At the very least against any putative increase in crime there must be a consideration of the suffering which has been alleviated. This seems an astoundingly bold thing to say, and I am well aware it goes against the grain, but it is just the basic principle of utilitarianism taken to its logical end point. You may well wish to weigh the interests of your compatriots higher than those of outsiders. There are certain moral imperatives of community, as people understand it. The point is you can factor in for these and still see both sides of the equation.

At the moment we have this myopic focus on just one side. To take one instance, Donald Trump made an executive order on his fifth day tasking his Secretary for Homeland Security to weekly “make public a comprehensive list of criminal actions committed by aliens”. Can we detect the hand of Steve Bannon, whose Breibart website maintains a whole section called “black crime”?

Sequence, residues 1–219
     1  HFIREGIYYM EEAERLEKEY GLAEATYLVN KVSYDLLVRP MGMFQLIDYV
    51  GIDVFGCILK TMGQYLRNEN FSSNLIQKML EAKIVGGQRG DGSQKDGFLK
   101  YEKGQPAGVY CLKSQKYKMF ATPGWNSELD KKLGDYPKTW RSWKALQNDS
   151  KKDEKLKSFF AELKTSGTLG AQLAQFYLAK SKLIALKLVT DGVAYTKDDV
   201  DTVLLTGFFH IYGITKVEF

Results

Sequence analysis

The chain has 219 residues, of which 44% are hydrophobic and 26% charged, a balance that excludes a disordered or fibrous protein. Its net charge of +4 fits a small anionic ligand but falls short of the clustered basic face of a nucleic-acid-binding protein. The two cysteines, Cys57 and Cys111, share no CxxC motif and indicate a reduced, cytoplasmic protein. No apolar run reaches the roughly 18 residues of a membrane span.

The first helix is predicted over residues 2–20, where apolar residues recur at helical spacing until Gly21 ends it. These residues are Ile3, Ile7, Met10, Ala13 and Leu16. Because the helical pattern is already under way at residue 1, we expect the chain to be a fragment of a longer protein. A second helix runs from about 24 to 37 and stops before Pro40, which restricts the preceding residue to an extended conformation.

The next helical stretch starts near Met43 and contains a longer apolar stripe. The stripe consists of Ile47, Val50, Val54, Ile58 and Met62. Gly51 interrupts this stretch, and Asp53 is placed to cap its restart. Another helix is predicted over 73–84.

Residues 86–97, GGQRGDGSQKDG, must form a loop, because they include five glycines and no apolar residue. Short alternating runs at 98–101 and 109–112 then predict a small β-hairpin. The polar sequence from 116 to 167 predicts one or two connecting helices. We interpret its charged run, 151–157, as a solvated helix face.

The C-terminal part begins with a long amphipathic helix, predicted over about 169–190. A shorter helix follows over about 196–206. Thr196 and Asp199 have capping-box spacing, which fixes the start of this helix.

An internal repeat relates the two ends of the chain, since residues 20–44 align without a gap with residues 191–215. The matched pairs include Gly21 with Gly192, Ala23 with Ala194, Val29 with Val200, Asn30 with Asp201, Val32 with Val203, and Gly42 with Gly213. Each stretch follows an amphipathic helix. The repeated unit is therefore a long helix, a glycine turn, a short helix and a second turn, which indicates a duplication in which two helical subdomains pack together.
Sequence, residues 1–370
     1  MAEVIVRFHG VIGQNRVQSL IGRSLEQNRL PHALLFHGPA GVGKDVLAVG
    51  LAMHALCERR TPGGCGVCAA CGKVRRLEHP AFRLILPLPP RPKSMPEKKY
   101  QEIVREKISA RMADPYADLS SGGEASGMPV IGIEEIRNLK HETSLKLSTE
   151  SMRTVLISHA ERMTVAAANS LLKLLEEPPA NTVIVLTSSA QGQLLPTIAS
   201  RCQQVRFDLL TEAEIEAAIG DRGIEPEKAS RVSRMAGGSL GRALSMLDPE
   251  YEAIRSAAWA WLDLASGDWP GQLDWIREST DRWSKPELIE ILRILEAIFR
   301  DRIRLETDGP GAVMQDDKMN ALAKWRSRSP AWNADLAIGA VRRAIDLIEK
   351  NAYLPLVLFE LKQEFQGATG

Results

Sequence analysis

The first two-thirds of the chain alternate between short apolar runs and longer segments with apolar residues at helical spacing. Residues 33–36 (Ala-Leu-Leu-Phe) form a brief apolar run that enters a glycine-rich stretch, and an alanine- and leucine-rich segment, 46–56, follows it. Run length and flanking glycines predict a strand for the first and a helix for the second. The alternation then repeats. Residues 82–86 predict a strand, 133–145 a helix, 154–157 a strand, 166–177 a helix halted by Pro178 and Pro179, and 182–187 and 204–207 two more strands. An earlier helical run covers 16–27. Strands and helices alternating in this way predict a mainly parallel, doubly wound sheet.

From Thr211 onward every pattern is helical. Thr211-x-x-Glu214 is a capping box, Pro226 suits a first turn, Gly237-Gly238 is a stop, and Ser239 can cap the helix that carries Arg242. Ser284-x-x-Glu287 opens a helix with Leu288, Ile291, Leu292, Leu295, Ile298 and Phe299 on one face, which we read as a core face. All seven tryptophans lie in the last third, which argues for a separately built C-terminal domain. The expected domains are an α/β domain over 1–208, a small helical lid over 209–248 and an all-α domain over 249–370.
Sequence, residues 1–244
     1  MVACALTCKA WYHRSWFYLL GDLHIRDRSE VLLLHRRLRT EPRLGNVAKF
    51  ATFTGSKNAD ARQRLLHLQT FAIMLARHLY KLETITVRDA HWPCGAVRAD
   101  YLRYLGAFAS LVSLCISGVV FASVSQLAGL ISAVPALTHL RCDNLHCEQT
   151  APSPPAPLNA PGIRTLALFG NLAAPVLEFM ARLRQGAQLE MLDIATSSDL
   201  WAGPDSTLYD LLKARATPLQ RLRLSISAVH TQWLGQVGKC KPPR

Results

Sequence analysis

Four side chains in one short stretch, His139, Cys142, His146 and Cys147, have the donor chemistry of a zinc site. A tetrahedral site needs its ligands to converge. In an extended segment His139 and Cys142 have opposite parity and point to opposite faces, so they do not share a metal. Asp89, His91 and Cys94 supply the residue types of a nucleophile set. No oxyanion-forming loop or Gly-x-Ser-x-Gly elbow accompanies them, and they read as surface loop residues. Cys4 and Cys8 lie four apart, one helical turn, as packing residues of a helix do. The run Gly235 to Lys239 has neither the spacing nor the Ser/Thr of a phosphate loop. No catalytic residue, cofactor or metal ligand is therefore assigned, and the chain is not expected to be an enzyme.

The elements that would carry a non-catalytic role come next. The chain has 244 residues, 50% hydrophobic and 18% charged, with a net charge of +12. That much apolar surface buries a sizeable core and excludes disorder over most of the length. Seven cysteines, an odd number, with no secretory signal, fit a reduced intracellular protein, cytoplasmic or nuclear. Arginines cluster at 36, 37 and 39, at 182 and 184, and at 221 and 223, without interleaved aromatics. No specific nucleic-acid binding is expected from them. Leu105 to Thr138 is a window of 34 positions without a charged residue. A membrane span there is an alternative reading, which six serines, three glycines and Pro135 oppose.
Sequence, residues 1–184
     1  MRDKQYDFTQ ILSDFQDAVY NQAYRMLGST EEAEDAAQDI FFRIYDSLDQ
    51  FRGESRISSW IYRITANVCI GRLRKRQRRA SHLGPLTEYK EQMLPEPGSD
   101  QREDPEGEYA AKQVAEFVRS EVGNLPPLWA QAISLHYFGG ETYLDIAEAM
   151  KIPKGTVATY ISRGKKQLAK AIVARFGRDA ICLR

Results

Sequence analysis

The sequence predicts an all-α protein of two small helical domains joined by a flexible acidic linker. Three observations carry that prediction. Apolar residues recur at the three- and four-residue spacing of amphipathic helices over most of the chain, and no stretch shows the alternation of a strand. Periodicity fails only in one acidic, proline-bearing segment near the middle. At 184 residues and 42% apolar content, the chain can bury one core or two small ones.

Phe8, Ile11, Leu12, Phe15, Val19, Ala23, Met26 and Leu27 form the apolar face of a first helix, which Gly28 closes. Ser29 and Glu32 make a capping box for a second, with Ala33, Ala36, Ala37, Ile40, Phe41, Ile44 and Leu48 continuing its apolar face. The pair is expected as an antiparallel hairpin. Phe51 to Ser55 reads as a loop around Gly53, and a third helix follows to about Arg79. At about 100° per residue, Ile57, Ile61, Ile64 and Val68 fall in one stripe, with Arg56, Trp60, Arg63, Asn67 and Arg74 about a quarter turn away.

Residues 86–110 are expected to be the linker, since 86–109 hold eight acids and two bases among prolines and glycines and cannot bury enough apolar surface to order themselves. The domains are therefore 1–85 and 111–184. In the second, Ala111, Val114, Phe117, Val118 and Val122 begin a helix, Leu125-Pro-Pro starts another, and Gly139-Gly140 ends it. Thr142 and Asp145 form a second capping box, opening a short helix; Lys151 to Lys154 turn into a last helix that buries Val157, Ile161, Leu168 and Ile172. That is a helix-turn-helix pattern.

We also have to be realistic that doing the right thing can often bring its own set of difficulties. Principles are like that. What we should not do is what I saw Don Lemon do in his interview with the film maker who inspired President Trump’s “last night in Sweden” comments this week. When confronted with very inconvenient data and asked to make very straightforward inferences on the upward trend of at least of some crime according to some statistics, he shamefully prevaricated in such a way as to play into the hands of those who doubt the sincerity of advocates for refugees. You can disavow the providence of certain statistics, but you cannot disavow statistics.

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And before anyone rebukes me for a presumption to accept risk and difficulty on others’ behalf who may not ask for it, right wingers ask us to tolerate harm all of the time in favour of their principles.